The new Criterion release of Cat People includes an informative commentary track by film historian Gregory Mank, among other worthwhile special features. At one point he discusses how producer Val Lewton, and others involved in the production of the movie, feared that the audience would find the film campy and amusing, but at the preview screening arranged by RKO pictures, Cat People “performed hypnosis” on the crowd, going on to be an unexpected hit during the World War II years. Released right after Citizen Kane, it actually had a longer run in theaters than Orson Welles’ opus. Indeed, watching the movie today, some of the dialog is borderline ridiculous, while also having the honest simplicity of a folktale. As the sun goes down during the first meeting of Irena and her future husband Oliver, she talks of the nearby zoo, stating, “The panther, it screams like a woman. I don’t like that.” Moments later she follows this up with, “I like the dark, it’s friendly.” Oliver sits attentively as Irena tells him the story of her Serbian ancestors, some of whom were Satan worshipping witches that escaped the wrath of Christian inquisitors. He doesn’t really seem to find anything wrong with this, and within a few scenes they are married.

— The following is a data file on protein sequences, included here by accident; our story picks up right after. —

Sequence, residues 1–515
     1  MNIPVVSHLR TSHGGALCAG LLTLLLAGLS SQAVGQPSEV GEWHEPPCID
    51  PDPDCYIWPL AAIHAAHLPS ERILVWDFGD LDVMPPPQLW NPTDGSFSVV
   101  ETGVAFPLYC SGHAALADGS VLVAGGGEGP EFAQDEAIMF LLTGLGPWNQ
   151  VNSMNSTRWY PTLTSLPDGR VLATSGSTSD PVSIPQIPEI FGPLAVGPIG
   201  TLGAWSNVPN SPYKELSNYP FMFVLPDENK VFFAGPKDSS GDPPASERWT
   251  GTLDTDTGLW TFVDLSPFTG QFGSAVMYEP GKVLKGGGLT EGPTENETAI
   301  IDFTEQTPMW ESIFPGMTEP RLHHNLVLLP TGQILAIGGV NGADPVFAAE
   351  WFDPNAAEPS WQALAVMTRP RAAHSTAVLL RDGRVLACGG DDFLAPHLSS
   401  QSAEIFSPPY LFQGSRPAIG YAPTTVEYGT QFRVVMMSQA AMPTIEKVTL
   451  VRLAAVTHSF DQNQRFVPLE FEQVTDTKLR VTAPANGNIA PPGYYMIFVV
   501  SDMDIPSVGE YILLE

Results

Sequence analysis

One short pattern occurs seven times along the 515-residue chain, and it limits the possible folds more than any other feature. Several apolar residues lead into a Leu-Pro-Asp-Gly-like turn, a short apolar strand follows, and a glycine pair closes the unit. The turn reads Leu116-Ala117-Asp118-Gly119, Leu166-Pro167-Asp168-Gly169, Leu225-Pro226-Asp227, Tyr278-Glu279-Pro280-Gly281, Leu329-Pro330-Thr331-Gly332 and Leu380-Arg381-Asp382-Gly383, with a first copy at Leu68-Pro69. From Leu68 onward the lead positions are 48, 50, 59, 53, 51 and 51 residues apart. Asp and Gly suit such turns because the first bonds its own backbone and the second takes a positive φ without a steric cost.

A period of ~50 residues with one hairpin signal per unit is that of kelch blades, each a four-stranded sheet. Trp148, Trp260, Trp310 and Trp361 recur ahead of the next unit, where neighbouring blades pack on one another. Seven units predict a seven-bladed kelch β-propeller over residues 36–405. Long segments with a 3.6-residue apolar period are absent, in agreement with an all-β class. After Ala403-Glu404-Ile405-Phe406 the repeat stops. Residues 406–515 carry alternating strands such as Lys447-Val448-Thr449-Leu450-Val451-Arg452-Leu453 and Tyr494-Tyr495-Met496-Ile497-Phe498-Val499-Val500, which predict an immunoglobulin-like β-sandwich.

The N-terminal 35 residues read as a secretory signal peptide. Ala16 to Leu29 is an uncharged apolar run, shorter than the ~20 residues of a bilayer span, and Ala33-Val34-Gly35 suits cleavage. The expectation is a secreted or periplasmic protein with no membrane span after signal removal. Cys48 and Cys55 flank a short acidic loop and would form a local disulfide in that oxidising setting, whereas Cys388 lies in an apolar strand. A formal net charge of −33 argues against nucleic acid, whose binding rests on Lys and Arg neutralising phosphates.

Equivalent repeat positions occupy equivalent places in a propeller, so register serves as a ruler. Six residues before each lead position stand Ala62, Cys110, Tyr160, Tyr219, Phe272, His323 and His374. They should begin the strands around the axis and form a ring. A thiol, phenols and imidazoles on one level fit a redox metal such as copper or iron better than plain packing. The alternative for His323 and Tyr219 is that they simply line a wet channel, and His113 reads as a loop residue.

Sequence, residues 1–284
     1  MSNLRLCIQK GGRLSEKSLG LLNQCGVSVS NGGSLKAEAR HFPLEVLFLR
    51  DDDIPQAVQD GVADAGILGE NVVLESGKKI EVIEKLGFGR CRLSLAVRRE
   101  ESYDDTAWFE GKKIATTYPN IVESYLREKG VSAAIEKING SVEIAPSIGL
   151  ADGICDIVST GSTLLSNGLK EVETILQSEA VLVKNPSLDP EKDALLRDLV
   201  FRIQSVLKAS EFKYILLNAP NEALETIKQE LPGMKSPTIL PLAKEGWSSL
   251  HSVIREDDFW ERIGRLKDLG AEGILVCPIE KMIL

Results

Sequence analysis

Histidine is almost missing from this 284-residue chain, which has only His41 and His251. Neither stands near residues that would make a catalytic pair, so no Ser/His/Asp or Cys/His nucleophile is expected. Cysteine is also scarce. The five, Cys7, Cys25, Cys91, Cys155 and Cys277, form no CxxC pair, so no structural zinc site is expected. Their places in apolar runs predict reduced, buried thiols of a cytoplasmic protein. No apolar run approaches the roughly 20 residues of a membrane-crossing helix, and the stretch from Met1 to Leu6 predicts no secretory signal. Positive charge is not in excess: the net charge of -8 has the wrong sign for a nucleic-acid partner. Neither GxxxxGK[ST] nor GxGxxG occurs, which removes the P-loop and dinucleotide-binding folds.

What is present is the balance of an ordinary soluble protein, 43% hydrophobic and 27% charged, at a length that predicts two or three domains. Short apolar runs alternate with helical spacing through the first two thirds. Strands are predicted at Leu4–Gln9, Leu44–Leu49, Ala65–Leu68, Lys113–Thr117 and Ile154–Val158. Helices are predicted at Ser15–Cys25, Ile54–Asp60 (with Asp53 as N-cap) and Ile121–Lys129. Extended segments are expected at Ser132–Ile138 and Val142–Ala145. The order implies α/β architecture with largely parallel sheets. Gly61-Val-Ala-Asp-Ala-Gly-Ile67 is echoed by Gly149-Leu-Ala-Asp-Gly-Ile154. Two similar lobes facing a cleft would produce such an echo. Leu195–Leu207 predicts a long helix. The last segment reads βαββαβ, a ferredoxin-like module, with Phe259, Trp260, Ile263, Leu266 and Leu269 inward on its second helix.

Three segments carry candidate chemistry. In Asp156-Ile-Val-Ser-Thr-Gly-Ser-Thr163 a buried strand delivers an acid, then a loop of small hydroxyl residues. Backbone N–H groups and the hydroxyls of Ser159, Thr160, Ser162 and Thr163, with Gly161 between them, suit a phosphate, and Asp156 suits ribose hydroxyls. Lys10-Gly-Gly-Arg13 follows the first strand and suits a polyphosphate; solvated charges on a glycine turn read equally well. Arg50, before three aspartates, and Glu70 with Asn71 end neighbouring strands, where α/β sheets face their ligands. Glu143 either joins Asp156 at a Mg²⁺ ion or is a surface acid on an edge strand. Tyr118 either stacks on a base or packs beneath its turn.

Yet, their marriage is not as rewarding as imagined. Unable to consummate her love, Irena laments about the difference between herself and other wives she sees around her. This is where the confusion around assimilation is front and center. In regards to average American wives, Irena says, “They’re happy. They make their husbands happy. They lead normal, happy lives. They’re free.” This train of thought seems so distorted to a more liberated audience, seeing as how matrimony and making husbands happy is not often thought of as the ideal picture of women’s freedom. Oliver’s solution to Irena’s plight is a modern, 1940s way of thinking—she needs a psychiatrist. What makes Cat People notable as a feminist film is the fact that all attempts at “normalizing” Irena fail, including psychoanalysis. This is not surprising, seeing as how Freud was never able to answer his rhetorically obnoxious question of “what women want.” The United States of the 1940s was not a place where women with non-normative lifestyles—in this case, occasionally turning into a panther—could thrive in or even survive.